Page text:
|Version 9 (modified by pbatard, 3 years ago) (diff)|
Reusable parts of the code
Libwdi implements reusable solutions to the following problems:
Creating a Windows application that uses the exact same codebase for MSVC, WDK/DDK, MinGW and cygwin
3 sets of files are being used for that:
- For MinGW/cygwin, autotools scripts, that automatically generate the config.h and Makefiles used during compilation
- For MSVC/Visual Studio, a regular set of project files, depending on the manually edited /msvc/config.h
- For DDK/WDK, a batch script, depending on the manually edited /msvc/config.h
File(s): (MinGW/cygwin) /autogen.sh, /configure.ac, /Makefile.am, /libwdi/Makefile.am, /examples/Makefile.am File(s): (MSVC) *.sln, *.vcproj File(s): (DDK) /ddk_build.cmd, *_sources
Creating a Windows application that is compatible with all versions of Windows from 2000
The trick is to use MinGW as the compiler along with the "-DWINVER=0x500" flag.
Creating a Windows GUI application that use the latest Windows visual enhancements (Aero Glass look on Vista/Windows? 7 for instance), even if compiled from MinGW/cygwin
The default from all compilers, including Microsoft ones, is NOT to use the default look and feel from each platform, but to force the XP/2k one.
To enable a more up to date look and feel in standard GUI applications, you need to manually embed the common-controls manifest, as well as include <commctrl.h> in your source.
- For MSVC projects, just adding the manifest to your resources files in the project will do.
- For DDK/WDK, as documented here, you need to add an SXS_APPLICATION_MANIFEST line with the name of your manifest
- For MinGW/cywgin, it's a bit more tricky. What you want to do is link to the manifest in your .rc file, with something like CREATEPROCESS_MANIFEST_RESOURCE_ID RT_MANIFEST "common_controls.manifest". The problem is that, this needs to appear at the end, else MinGW will ignore it, and you want to be able to edit your .rc in Visual Studio, without destroying the additional data you add to the .rc. The solution is to have the following at the beginning of your .rc
3 TEXTINCLUDE BEGIN " " "// Must reference a manifest for visual styles " "// Oh, and it must happen at the end, or MinGW will ignore it! " "#if defined(__GNUC__) " "CREATEPROCESS_MANIFEST_RESOURCE_ID RT_MANIFEST ""common_controls.manifest"" " "#endif " "" ENDAnd of course, you need a matching section at the end.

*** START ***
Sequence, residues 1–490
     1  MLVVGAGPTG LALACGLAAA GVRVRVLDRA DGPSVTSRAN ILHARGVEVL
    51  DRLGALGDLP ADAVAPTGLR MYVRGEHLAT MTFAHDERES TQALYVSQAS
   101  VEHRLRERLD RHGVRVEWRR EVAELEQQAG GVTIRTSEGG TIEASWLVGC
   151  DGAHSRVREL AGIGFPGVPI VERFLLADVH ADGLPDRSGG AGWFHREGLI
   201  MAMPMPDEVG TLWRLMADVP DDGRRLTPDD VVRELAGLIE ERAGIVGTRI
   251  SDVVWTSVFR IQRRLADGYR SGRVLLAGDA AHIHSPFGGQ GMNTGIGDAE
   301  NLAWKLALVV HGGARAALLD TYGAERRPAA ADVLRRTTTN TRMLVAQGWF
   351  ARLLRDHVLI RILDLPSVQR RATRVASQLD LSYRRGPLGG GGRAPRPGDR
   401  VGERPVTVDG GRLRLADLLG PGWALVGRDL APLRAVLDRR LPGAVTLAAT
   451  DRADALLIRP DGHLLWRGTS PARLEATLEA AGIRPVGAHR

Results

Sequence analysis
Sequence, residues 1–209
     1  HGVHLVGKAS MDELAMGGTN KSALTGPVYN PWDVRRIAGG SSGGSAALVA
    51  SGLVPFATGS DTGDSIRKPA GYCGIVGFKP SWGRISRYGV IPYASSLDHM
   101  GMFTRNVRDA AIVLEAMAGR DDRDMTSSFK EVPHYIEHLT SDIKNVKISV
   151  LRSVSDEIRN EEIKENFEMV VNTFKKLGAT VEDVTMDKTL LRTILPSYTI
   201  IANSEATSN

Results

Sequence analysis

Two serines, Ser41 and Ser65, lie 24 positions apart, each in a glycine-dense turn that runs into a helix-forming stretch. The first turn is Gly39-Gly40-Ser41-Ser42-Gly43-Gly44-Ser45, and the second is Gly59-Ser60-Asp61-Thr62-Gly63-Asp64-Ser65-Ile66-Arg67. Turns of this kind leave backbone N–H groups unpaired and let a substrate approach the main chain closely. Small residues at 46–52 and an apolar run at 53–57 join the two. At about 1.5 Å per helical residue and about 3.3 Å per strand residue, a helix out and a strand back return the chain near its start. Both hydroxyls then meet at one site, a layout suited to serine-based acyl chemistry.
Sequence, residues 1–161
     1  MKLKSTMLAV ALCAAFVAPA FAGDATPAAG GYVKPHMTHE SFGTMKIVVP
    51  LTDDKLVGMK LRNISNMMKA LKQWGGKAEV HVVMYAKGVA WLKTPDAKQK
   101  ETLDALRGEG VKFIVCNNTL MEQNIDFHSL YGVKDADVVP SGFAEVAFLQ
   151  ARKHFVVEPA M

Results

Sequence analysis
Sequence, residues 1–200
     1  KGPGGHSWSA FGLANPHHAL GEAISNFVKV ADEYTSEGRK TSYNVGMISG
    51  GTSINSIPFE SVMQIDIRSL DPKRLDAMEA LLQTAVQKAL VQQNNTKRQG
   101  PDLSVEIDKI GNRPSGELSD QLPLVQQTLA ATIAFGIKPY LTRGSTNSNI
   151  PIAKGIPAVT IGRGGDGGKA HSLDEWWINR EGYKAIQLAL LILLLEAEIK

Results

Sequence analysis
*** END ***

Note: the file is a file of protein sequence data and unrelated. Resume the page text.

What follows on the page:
File(s): common-controls manifest, example DDK sources (Zadig), example MinGW manifest from .rc (Zadig)
Creating Windows application from MSVC, WDK/DDK, MinGW and cygwin that require UAC elevation, even if compiled from MinGW/cygwin
Running a 32 or 64 bit version of an embedded application depending on the platform
Compiling an project for both 32 and 64 bit
Folder selection / File open/save Windows dialogs that uses to new enhanced Vista/Windows? 7 controls when available (and default to the regular version on older platforms)
USB hotplug detection
USB device listing, including driverless devices
USB driver installation
Compiling libconfig for all of MSVC/DDK/MinGW/cygwin and for both 32 and 64 bit
Bumping the executable/DLL version number automatically using git tags
If you are using versioning in .rc files, it would obviously be nice to bump the version minor according to major commits that you push into your git repository.
In libwdi's case, we use incremental git tags to identify minor versions ("w123", "w124", ...) and we use the numeric part of that tag as the minor for the exe/DLL (eg. "1, 0, 0, 123"). The shell script linked below will:
- retrieve and increment the current git tag
- update the version in the .rc files using sed
- commit the changes in git Additionally, the script also updates the USB VID -> Vendor ID string source (see below).
Windows GUI MouseOver/Hover Tooltip
A simple call that creates and displays a tooltip when hovering over a dialog item (eg. text field)
File(s): /examples/zadig_stdlg.c -> create_tooltip()
Sed script to convert the USB VIDs into a C source that will resolve then to Vendor ID strings
In our applications, this is used to display the Vendor name of a specific USB device when hovering over the VID hex string.
http://www.linux-usb.org/usb.ids does a great job at maintaining known Vendor IDs, but the list still needs to be converted into something a bit more C-friendly. For that purpose we built a shell script that, when executed:
- uses wget to retrieve the latest version of the list
- uses sed to convert t to a C source with a function call that will take a VID and return the matching string.
UTF-8 wrappers to Wide Char (UTF-16) MS API
This is what Microsoft should have done a long time ago. Along with the A (Ansi) and W (WideChar/Unicode) versions of an API call, it should have implemented U (UTF-8) as well, as it usually makes more sense to use UTF-8 than UTF-16 in an application, especially one that is not localized but still wants to support localized user input. For instance, wouldn't it be nice if there existed a CreateFile version that accepted an UTF-8 char * for the file name?
Our UTF-8 wrapper API provides just that, for a selected subset of the Windows API calls, with:
- FormatMessage (FormatMessageU)
- SendMessage (SendMessageLU: lParam as UTF-8)
- SHGetPathFromIDList (SHGetPathFromIDListU)
- GetWindowText/SetWindowText (GetWindowTextU/SetWindowTextU)
- GetWindowTextLength (GetWindowTextLengthU)
- GetDlgItemText/SetDlgItemText (GetDlgItemTextU/SetDlgItemTextU)
- GetTextExtentPoint (GetTextExtentPointU)
- CreateFile (CreateFileU)
- GetCurrentDirectory/GetFullPathName/GetFileAttributes (GetCurrentDirectoryU/GetFullPathNameU/GetFileAttributesU)
- SHCreateDirectoryEx (SHCreateDirectoryExU)
- ShellExecuteEx/CreateProcess (ShellExecuteExU/CreateProcessU)
- GetOpenFileName/GetSaveFileName (GetOpenSaveFileNameU)
- UpdateDriverForPlugAndPlayDevices/SetupCopyOEMInf (UpdateDriverForPlugAndPlayDevicesU/SetupCopyOEMInfU)